CERTIORARI TO THE UNITED STATES COURT OF APPEALS FOR THE EIGHTH CIRCUIT.
Powell, J., announced the judgment of the Court in Part VI and delivered the opinion of the Court with respect to Parts I and II, in which Burger, C. J., and Brennan, Marshall, Blackmun, and Stevens, JJ., joined, and an opinion with respect to Parts III, IV, and V, in which Burger, C. J., joined. Blackmun, J., filed an opinion concurring in part and dissenting in part, in which Brennan, Marshall, and Stevens, JJ., joined, post, p. 494. O'connor, J., filed an opinion concurring in the judgment in part and dissenting in part, in which White and Rehnquist, JJ., joined, post, p. 505.
JUSTICE POWELL announced the judgment of the Court in Part VI and delivered the opinion of the Court with respect to Parts I and II and an opinion with respect to Parts III, IV, and V, in which THE CHIEF JUSTICE joins.
These cases, like City of Akron v. Akron Center for Reproductive Health, Inc., ante, p. 416, and Simopoulos v. Virginia, post, p. 506, present questions as to the validity of state statutes or local ordinances regulating the performance of abortions.
Planned Parenthood Association of Kansas City, Missouri, Inc., two physicians who perform abortions, and an abortion clinic (plaintiffs) filed a complaint in the District Court for the Western District of Missouri challenging, as unconstitutional, several sections of the Missouri statutes regulating the performance of abortions. The sections relevant here include Mo. Rev. Stat. § 188.025 (Supp. 1982), requiring that abortions after 12 weeks of pregnancy be performed in a hospital;*fn1 § 188.047, requiring a pathology report for each abortion performed;*fn2 § 188.030.3, requiring the presence of a second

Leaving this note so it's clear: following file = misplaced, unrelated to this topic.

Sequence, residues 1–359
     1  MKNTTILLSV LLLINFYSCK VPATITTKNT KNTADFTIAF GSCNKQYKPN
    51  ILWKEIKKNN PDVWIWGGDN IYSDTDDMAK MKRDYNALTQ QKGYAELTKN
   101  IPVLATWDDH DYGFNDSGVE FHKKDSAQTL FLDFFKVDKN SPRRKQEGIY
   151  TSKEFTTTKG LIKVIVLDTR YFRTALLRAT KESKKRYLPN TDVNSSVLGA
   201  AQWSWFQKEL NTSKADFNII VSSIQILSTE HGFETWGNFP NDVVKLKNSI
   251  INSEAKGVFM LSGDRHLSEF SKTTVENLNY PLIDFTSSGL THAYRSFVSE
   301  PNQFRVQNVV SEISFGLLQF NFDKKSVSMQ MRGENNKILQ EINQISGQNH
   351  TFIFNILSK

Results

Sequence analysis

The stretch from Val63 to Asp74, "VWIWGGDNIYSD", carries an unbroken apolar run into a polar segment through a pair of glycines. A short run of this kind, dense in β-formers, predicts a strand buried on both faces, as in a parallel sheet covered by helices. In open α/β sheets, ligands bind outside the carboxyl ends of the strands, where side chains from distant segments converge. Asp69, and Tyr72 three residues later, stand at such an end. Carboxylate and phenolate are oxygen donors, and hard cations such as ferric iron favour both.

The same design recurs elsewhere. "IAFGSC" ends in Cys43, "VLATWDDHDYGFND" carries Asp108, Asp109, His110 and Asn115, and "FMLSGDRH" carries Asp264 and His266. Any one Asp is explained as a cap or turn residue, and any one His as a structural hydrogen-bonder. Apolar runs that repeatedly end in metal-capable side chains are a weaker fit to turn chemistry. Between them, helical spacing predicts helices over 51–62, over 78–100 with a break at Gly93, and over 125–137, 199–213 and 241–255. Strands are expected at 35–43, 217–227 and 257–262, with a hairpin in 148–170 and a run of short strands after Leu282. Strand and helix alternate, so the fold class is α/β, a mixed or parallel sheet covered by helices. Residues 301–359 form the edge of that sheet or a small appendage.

physician during abortions performed after viability;*fn3 and § 188.028, requiring minors to secure parental or judicial consent.*fn4
After hearing testimony from a number of expert witnesses, the District Court invalidated all of these sections except the pathology requirement. 483 F.Supp. 679, 699-701 (1980).*fn5 The Court of Appeals for the Eighth Circuit
reversed the District Court's judgment with respect to § 188.028, thereby upholding the requirement that a minor secure parental or judicial consent to an abortion. It also held that the District Court erred in sustaining § 188.047, the pathology requirement. The District Court's judgment with respect to the second-physician requirement was affirmed, and the case was remanded for further proceedings and findings relating to the second-trimester hospitalization requirement. 655 F.2d 848, 872-873 (1981). On remand, the District Court adhered to its holding that the second-trimester hospitalization requirement was unconstitutional. The Court of Appeals affirmed this judgment. 664 F.2d 687, 691 (1981). We granted certiorari. 456 U.S. 988 (1982).